To a hammer, everything looks like a nail.

Today Daddybeard told me how, when he dropped Short Stack off at day care, Short Stack’s teacher couldn’t wait to show him how well Short Stack was learning to identify the months of the year. She talked about how quickly he answered the questions, how he went off on his own to practice his letters of his own volition. It was a report of which any parent would be proud.

A few weeks earlier, the report we had gotten from the day care had been markedly different. That tale is recounted below:


Last night Locmommy called me, very upset and told me that Short Stack’s day care wrote an incident report on him for being disobedient. Let’s get some things out in the open: Short Stack can be temperamental and purposefully aloof at times (ok ok ok…temperamental a lot) but I can say with 100% certainty that he is not a disobedient child. Fast forward to this morning…I found out that the reason he didn’t “listen and do what he was told” was because he was told to go take a nap way earlier than normal and his reasoning was that “it wasn’t time yet and he wasn’t tired.” I blame myself and Locmommy here.

My children’s lives are structured. It’s structured because Soccer Diva needs things orderly for her mind to be at peace. Short Stack likes schedules and rules…why? I don’t know. I don’t understand him…he’s 4. A typical conversation consists of calling each other “Masterpants” and me telling him “I love you” and him saying “I said it already”. So he was very explicit when he told the 3rd new teacher in 4-5 months that he “was not tired yet because it was not time yet.” (He was right about the time) Because he “talked back” to her, he was written up and had to stand there while a teacher told Locmommy about how he misbehaved. I’m not a child psychologist but I can imagine that getting the impression that you’re “bad” for being/acting like a 4-year old is not very uplifting to your self-esteem.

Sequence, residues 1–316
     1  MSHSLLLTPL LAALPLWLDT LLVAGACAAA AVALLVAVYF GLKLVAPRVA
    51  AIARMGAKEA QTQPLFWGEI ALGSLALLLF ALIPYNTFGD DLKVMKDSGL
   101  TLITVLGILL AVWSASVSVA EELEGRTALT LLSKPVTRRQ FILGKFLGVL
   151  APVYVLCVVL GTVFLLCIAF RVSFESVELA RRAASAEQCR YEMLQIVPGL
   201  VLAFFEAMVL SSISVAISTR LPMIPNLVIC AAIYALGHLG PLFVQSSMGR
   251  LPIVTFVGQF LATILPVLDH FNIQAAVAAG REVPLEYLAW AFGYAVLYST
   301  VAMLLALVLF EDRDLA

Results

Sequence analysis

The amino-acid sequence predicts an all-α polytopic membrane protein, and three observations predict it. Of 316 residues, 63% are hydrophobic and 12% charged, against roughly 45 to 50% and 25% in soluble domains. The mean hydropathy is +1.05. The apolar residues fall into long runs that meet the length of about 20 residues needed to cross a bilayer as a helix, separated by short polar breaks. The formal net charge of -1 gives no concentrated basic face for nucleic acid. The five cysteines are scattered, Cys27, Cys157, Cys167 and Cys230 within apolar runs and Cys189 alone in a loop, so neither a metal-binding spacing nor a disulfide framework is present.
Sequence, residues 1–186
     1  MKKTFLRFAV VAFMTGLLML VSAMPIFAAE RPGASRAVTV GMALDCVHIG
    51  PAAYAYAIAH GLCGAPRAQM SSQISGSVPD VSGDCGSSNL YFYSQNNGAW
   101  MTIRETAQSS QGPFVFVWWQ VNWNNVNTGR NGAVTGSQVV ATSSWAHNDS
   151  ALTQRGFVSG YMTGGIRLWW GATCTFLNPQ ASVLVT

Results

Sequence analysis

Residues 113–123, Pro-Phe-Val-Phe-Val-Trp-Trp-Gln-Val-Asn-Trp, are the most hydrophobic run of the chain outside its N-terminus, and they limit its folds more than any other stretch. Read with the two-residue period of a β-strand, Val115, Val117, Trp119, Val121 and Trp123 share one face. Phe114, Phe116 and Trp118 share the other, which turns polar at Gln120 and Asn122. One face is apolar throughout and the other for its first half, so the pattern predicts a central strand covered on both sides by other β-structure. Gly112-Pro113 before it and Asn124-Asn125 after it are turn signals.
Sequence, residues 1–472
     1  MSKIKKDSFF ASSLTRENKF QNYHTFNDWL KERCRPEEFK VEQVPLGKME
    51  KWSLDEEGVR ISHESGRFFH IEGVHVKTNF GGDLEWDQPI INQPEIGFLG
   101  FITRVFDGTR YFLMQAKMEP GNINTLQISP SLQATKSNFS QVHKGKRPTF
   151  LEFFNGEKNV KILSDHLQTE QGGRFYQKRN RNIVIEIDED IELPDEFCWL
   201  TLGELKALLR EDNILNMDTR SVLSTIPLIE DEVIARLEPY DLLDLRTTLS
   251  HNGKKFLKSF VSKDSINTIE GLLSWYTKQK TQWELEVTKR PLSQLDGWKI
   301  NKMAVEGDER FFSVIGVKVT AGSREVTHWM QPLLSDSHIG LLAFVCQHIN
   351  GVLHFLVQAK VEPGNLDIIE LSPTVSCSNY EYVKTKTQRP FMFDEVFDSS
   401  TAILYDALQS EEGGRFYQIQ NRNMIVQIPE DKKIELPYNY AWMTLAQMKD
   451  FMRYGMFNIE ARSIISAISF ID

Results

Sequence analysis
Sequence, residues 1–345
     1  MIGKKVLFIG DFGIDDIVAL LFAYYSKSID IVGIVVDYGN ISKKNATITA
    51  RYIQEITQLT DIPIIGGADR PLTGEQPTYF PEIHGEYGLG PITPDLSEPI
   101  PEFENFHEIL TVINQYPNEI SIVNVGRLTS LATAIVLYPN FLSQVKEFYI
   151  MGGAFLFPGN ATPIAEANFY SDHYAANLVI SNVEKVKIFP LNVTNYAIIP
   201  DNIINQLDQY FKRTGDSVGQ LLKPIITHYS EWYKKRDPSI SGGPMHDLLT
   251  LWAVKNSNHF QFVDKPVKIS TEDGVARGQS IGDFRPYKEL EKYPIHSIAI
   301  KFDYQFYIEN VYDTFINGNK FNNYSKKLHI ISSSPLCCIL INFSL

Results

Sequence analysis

I’m no child psychologist either, but all I could think about as the teacher read the incident report to me was what Short Stack was processing about this moment. He’s an intuitive boy, and despite me making the conscious effort not to look at him while his “charges” were being read to me, I feared that he figured out that something was wrong.

I talked to three different mothers of different ages and upbringing, but all of them black. One mother has three grown children. My son is her grandson. One of them is a few years older than me and has a daughter in graduate school, a son in in high school, and a son in middle school. One of them is the same age as me, and has a two-year-old daughter. All three of them know my son.

I told them the story of being asked to sign an incident report because my four-year-old was disobedient and “wouldn’t focus”. I didn’t have to explain to them why it bothered me; they all knew instantly. It wasn’t just that he was a four-year-old boy whose normal four-year-old behavior for some strange reason garnered the kind of response a bite from a classmate would get.

It was that he was a little black boy. And he is the only little black boy in his class.

It is possible you may think we were being hyper-sensitive. That it was unnecessary for me to have a phone conference, and Daddybeard to have an in-person meeting, with the center director about how damaging that incident report was in our eyes. The problem was that I was too familiar with the school-to-prison pipeline, and the statistics about black children being almost four times as likely to be suspended from preschool as white children. The problem was that even though we had yet to learn about the five black boys held at gunpoint by a police officer in Grand Rapids, Michigan, or the death of Jordan Edwards, their stories had already happened to other black boys in other cities, with different names.

Our son is a cutie pie, a budding pianist, a charmer when he wants to be, and stealthily brilliant, but I fear the day when none of this is enough to soften the fact that he is black and male. Try as we might, Daddybeard and I can’t always be there to go to bat for him the way we did with his center director. We know that all the good reports in the world won’t be enough if he gets caught, just once, on the wrong side of an unforgiving system.

To the hammer, everything looks like a nail. And to parents of little black boys and girls, everything looks like a promising life cut short.